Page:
There's nothing new about college students launching businesses that appeal to their classmates. After all, seasoned entrepreneurs will often say success comes from knowing your market. And who knows college students better than college students?
But less discussed are the downsides and challenges attached to turning your classmates into customers. Ever tried sitting next to a disgruntled customer in Business Calculus? Yeah, awkward.
To find out how to both avail yourself of the benefits of campus life and steer clear of the mishaps, take a cue from fellow college startup founders. Here are their college startup pros and cons:
Pro: Marketing Made Easy
Some students say they hold certain advantages when marketing to their peers. They like being able to access the classroom, where they can pitch their wares before a professor walks in, or being allowed to send email blasts to fraternities, sororities, or other hard-to-crack groups on campus. (That latter strategy actually helped a couple of recent grads from Furman University in South Carolina attract an average of 15,000 new users each week to download their Yik Yak social networking app, they say.)
Pro: Inspiration Is Everywhere
Some students claim they hold unique insights about what's most important to their classmates today. When Charles Dall got fed up with providing microloans to his frugal roommate for beer, books, and other college essentials, he knew he wasn't alone. Fueled by frustration, the third-year student at Cooley Law School in Michigan created an expense-tracking app called Where's My Money Bro?, which sends an automatic text alert to those who fail to repay a loan after, say, a week or two, then helps transfer payments between borrowers and lenders.
"Everyone I've come across says they get really frustrated when people don’t pay them back," says Dall, who is rolling out the app now and advertising it by paying university groups like Hubbell Connections an average of $50 each semester to have student members post messages on social media and distribute flyers on campuses.
Con: Empty Pockets
But as every student knows, it's hard to get college kids to pay for anything, which could be an obstacle that Dall runs into. (He plans to charge customers $1.99 to download his app.) Still, the 30-year-old is trying to cut costs elsewhere, by partnering up with free money-transferring services like Chase QuickPay, rather than programs that sometimes charge a fee.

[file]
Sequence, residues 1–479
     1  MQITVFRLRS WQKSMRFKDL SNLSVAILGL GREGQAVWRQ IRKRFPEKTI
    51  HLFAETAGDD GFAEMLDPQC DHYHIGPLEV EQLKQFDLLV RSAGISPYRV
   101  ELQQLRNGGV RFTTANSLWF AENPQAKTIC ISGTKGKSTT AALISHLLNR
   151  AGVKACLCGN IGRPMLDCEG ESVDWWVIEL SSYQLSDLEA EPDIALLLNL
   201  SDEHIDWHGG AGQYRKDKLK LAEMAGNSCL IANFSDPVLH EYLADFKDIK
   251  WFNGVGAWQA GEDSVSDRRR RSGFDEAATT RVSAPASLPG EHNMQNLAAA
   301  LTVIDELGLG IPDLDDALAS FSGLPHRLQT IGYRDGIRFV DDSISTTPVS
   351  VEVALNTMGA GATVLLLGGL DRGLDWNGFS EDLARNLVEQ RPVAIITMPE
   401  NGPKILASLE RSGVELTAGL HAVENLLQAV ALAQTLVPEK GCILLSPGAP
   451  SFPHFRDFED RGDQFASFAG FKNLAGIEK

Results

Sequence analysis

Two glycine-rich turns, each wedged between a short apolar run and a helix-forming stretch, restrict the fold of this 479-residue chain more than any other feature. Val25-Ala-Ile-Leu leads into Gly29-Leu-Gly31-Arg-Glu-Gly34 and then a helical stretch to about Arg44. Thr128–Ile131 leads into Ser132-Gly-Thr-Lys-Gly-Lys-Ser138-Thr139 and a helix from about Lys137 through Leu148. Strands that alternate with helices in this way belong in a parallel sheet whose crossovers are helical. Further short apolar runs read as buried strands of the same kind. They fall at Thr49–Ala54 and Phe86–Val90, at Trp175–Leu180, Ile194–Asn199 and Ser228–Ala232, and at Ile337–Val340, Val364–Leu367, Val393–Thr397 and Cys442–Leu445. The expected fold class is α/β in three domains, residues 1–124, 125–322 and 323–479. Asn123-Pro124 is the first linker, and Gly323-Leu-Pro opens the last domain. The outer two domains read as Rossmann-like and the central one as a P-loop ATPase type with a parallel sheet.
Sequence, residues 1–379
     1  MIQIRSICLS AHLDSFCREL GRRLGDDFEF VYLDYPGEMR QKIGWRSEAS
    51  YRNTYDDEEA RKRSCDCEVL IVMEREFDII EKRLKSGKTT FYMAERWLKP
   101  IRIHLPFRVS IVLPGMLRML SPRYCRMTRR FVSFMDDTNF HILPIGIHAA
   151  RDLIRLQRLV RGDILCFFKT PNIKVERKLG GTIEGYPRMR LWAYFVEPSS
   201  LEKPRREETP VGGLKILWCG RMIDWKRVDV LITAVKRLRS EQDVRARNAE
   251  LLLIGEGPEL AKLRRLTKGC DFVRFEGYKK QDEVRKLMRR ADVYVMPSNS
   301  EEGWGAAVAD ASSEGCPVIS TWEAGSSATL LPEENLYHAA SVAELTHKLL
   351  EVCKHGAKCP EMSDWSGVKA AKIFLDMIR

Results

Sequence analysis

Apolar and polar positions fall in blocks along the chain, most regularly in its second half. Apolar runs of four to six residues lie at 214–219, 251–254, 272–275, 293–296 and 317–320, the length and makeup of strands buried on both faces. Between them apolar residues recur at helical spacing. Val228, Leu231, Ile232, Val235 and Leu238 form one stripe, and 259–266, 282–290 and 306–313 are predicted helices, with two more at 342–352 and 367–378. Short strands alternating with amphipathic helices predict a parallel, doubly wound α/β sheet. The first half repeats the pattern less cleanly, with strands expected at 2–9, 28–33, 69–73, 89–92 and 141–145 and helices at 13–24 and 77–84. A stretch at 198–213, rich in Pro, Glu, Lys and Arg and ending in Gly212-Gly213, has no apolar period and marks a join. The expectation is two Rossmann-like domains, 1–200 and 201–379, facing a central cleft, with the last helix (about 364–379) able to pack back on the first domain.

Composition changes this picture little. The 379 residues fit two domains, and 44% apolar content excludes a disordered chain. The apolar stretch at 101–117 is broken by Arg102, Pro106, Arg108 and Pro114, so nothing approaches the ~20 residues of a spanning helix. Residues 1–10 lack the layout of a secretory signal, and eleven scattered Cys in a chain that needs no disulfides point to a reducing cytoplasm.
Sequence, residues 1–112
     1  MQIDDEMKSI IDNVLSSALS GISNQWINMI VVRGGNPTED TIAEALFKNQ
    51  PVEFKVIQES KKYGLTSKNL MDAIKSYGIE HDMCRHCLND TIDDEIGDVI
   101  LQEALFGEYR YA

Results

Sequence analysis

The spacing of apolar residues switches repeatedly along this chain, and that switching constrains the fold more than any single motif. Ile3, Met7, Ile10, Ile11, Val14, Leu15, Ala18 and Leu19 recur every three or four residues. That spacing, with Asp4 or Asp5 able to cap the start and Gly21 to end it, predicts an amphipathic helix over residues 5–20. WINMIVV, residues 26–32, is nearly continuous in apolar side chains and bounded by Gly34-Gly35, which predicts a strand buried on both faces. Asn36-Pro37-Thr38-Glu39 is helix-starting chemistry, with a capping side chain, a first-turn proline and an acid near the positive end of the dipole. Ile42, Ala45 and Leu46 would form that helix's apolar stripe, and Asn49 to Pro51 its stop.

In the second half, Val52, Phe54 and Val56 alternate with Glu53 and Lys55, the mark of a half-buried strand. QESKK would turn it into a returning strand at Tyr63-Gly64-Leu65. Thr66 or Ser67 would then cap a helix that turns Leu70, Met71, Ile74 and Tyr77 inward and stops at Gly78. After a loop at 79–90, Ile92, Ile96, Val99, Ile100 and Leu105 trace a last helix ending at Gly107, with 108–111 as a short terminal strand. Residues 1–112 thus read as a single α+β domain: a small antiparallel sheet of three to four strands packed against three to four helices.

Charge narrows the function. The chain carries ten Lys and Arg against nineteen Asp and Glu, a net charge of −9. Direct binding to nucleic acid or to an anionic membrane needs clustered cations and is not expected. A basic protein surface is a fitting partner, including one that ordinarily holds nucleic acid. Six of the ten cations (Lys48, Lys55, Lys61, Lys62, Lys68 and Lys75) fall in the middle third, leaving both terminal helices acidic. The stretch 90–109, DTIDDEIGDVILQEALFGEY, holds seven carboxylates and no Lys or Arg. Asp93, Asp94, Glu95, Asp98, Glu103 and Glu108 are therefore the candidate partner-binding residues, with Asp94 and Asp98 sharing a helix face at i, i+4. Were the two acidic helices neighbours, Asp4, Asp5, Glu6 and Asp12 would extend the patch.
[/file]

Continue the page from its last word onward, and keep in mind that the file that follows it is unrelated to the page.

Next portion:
Con: Sour on Semesters
For others, a greater challenge has been marketing the right way and at the right time. To generate buzz for MarketOSU, an online classifieds site for Ohio State University students, Jay Clouse spent the start of his junior year in 2012 donning a cheesehead and a T-shirt with his company’s logo. He also spent a chunk of his personal cash on giving away free football tickets to entice individuals to sign up.
But he got started when the school switched to a new semester system. That meant ample course and textbook changes. "And we struggled on the book side, due to timing of the launch,” says Clouse, 22. Even today, the biggest selling item on his site--football tickets--is linked to seasonal demand. All told, he’s managed to corral only around 7,000 active users (from a student body of more than 63,000).
Con: Growing Pains
“When you are in school, you have a power. . . to reach out to peers informally,” says Mike Moyer, an entrepreneurship professor at the University of Chicago’s business school, who adds that marketers would drool over that kind of access.
But scaling up is an interminable problem, as the churn of college students is constant and owners just don't have much experience. It's possible to expand a campus-based business, he adds, “but you have to move very fast.”
To overcome this wrinkle, Sean Thorne, a 23-year-old senior at the University of Oregon, relies on the kindness of mentors. “I know nothing about law or finances, so we have a mentor in each area,” says Thorne, who is the co-founder of the 14-month-old Hallspot, a social networking site for students. "We’ve [also] never scaled a tech firm from beta to 4,000 colleges in America. . . . We're still figuring out that as we speak."